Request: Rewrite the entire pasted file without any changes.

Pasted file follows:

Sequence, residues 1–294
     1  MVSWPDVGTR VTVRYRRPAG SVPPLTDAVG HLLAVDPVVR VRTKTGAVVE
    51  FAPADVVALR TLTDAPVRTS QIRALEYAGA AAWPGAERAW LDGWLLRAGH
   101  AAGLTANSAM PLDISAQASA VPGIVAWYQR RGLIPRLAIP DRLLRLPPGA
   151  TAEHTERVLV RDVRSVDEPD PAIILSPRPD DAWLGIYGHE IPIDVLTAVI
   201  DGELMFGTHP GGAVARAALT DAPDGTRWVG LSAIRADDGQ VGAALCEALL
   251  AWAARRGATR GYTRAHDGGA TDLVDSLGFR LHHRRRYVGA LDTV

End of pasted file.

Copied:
Sequence, residues 1–294
     1  MVSWPDVGTR VTVRYRRPAG SVPPLTDAVG HLLAVDPVVR VRTKTGAVVE
    51  FAPADVVALR TLTDAPVRTS QIRALEYAGA AAWPGAERAW LDGWLLRAGH
   101  AAGLTANSAM PLDISAQASA VPGIVAWYQR RGLIPRLAIP DRLLRLPPGA
   151  TAEHTERVLV RDVRSVDEPD PAIILSPRPD DAWLGIYGHE IPIDVLTAVI
   201  DGELMFGTHP GGAVARAALT DAPDGTRWVG LSAIRADDGQ VGAALCEALL
   251  AWAARRGATR GYTRAHDGGA TDLVDSLGFR LHHRRRYVGA LDTV